How to make sure your child surfs the web safely.
How safe is your child online? A question that, in all likelihood, didn’t concern our parents when we were children. However, advancements in technology over the past 20 years have led to a point where we need to be more vigilant than ever. Children now have access to faster internet speeds, online gaming systems and, more often than not, a handheld device or smartphone. Before these advances, something or someone highly visible and tangible was probably the biggest danger to children. Now, there are a plethora of pitfalls lurking behind a computer screen. And, if recent research is to be believed, more of us are using these tablets and smartphones as a form of ‘digital dummy’ than ever before – pacifying youngsters so that we can perform any number of tasks and errands on a daily basis.
What can you do? Every school has a duty to ensure that its pupils remain safe, be it online or otherwise. In the past few years, the UK government made internet safety a particular focus of their inspection process for schools. But given the incredible rise in access to the internet and its amazing functionality, the responsibilities do not lie just with schools. Now, more than ever, teachers and parents need to work together to ensure that children remain safe.
Depending on the age of your child, it’s likely that their school has already begun educating them on the subject of internet safety (sometimes referred to as E-Safety). Regardless of how old your child may be, or whichever school they attend, there are a number of strategies parents can employ at home to further strengthen the key messages behind internet safety:
Have an honest and frank discussion with your children
Can you honestly name the websites your children frequently visit? And to whom they speak? If the answer is “yes,” then fantastic. However, if the answer is “no,” why not sit them down and ask them to talk you through where they go, friends they might have and rules that they might follow themselves? Any alarm bells that ring can probably be dealt with then and there, in a calm and mature fashion.
There’s good reason why Facebook has an age restriction of 13 but there are a surprising number of parents who are either unaware of it or choose to ignore it, to keep their pre-teens happy. Many other apps and websites also hold age restrictions as the content is considered inappropriate.
Set parental controls
You can use Parental Controls to not only set a limit on the number of hours that your child can use the computer, but also the types of games they can access and the programs they can use. On an iPad or iPhone, you can quickly set restrictions by clicking on “Settings,” “General” then “Restrictions.”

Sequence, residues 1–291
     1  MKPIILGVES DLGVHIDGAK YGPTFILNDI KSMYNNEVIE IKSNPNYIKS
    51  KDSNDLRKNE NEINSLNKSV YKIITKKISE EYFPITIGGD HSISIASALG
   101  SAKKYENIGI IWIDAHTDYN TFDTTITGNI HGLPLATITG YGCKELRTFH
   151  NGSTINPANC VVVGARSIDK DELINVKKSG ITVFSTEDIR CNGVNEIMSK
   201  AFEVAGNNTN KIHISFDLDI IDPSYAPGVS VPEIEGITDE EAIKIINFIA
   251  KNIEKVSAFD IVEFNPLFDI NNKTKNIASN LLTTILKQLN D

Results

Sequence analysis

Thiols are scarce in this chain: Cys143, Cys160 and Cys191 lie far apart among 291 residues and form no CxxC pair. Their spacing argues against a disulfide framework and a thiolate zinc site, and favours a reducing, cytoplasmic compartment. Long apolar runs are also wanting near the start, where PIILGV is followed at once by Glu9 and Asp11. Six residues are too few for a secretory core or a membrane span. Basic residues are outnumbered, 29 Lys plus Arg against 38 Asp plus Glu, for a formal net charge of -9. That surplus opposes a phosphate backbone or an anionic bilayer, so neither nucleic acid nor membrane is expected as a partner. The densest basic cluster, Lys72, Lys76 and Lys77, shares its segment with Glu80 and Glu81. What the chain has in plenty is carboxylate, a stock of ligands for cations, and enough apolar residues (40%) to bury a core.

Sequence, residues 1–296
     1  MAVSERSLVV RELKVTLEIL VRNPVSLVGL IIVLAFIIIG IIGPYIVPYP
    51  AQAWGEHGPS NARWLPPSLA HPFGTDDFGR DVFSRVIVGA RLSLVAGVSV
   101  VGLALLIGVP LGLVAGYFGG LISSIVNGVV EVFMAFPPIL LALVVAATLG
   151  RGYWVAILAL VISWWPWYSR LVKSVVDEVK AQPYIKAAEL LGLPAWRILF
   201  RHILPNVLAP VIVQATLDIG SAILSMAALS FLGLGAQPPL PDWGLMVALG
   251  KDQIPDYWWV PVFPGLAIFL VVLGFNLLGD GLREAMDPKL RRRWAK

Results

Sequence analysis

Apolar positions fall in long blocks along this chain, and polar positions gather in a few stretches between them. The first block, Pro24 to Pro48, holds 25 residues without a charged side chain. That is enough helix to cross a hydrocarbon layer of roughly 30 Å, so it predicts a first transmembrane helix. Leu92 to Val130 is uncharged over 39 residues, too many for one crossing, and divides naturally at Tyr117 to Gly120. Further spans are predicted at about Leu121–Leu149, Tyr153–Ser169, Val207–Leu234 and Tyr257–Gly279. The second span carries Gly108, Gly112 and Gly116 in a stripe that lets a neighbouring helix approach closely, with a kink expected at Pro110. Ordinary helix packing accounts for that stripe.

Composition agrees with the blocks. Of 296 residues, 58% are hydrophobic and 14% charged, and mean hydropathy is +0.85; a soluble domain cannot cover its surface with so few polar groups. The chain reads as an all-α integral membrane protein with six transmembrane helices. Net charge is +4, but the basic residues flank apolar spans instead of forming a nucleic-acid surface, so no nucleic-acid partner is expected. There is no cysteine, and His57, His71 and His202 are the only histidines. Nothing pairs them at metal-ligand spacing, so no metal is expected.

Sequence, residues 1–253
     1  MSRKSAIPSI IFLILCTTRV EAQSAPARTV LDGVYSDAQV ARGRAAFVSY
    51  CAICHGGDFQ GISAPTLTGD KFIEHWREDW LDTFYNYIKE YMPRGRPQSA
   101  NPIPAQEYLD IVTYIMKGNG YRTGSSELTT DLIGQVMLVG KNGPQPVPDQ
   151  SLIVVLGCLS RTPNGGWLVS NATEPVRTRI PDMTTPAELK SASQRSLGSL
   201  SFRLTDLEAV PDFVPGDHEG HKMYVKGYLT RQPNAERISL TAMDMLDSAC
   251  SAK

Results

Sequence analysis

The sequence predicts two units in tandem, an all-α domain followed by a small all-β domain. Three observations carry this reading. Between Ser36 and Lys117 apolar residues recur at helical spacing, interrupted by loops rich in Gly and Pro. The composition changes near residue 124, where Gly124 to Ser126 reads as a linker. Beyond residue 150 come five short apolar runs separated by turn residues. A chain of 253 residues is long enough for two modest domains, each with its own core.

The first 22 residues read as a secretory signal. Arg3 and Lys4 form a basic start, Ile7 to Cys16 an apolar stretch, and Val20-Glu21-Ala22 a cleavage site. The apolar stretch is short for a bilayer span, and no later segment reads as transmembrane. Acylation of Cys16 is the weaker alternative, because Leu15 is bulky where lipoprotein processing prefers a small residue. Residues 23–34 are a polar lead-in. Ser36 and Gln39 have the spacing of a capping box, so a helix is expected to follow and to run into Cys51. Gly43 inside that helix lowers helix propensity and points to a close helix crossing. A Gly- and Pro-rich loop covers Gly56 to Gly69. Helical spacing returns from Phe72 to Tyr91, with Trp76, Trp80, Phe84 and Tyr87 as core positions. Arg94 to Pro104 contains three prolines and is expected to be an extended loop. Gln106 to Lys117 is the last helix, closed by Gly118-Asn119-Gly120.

Set the right example
When the issue of internet safety was raised in the UK, with it came a responsibility
for all educators to ensure that they were setting the right example. As a result, it is common practise now for teachers to lock their computers when they leave their classroom. Although this practice might be considered a little “over the top” to do at home, it sends the right message to children that personal information and profiles are to be respected, and not to be easily accessed by others.
Don’t fall foul of common misconceptions
“My child is too clever to be caught out”is the cry from some parents when discussing this topic. I have seen first-hand evidence to the contrary. Even the brightest, most astute children need educating about how to behave online, particulary when it comes to communicating with strangers and sharing personal information.
“I am not equipped to help” – something to which people who are less confident with technology may feel. Even a conversation or some time shared on the internet together may demonstrate to your child that you have an active interest in their online behavior.
Of course, there may be times when a trusted adult may not be immediately available to deal with something children see, or find online that they don’t like. This is the point at which we, as educators (be it parents or teachers), hope that children follow the examples we have set, the advice we have given, listen to their moral compass and make the right choice.
James Quantrill is a senior teacher at Saigon Star International School. He moved to Vietnam in August 2014, having previously taught at an outstanding school in the UK.